Who Is This Brett and Why Is His Name on All These IPAs?
In the ever-expanding universe of beers labeled IPA is a newcomer that confuses just about everyone—the Brett IPA. Casual drinkers will wonder who or what Brett is and, tasting the beer, shrug and smile. Nerdier beer fans will recognize the name as a shortened nickname for Brettanomyces, a wild yeast strain. But that’s confusing, too; haven’t we all learned that Brett beers are barrel-aged, funky and dry? But Brett IPAs taste of none of those things; in fact, they usually bubble and fizz with amazing tropical fruit flavors, like regular IPAs in hyper drive.
So what’s going on? Let’s unpack this new IPA variant and find out why they’re so tasty.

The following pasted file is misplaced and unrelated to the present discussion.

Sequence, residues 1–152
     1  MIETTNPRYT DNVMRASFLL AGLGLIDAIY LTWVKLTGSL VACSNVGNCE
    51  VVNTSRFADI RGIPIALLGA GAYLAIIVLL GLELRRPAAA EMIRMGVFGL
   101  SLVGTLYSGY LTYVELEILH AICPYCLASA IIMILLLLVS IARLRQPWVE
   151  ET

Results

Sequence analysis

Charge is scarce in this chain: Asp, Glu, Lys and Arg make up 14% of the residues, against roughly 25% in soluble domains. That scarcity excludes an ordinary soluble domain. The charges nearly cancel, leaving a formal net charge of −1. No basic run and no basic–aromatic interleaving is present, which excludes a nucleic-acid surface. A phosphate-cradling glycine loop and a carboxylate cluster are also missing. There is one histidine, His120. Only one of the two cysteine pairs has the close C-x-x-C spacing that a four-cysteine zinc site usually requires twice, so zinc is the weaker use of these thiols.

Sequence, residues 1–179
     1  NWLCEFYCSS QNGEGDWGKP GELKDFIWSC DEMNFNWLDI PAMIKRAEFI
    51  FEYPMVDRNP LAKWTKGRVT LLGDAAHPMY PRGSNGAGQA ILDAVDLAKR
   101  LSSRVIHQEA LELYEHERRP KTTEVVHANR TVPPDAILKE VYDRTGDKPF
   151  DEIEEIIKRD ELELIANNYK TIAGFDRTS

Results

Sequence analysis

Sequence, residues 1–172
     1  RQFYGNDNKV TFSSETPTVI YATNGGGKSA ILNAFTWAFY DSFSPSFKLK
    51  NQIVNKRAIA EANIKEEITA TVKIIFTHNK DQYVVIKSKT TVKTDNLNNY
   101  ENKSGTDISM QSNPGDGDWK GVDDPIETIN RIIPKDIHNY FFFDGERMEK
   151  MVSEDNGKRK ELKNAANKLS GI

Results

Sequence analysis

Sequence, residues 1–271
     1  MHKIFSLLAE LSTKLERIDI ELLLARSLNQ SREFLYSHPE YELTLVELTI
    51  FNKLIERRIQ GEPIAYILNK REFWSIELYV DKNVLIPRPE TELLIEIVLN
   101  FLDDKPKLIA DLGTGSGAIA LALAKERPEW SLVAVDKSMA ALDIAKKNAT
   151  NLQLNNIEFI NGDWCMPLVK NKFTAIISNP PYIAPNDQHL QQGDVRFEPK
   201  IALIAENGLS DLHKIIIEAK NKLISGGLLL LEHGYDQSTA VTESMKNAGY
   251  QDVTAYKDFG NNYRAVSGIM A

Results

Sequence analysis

Fermented With Brettanomyces
It’s true that the Brett stands for Brettanomyces, but it’s also misleading. In most beers, regular ale yeast (Saccharomyces) does the initial fermentation. In spontaneously-fermented beers, the Brett is present, but only rouses itself to action after the wild Saccharomyces have done an initial ferment. In other styles, brewers add Brett after primary fermentation and let the beer sit for months or years. Saccharomyces is quick and agile, but it leaves certain complex sugars behind. Wild Brett strains are more voracious, and they can come along and gobble those leftover sugars and continue to slowly ferment a beer. Along the way, they produce odd, funky flavors and aromas (barnyard, and horse-blanket are a couple of classic adjectives), and leave a beer very dry and austere.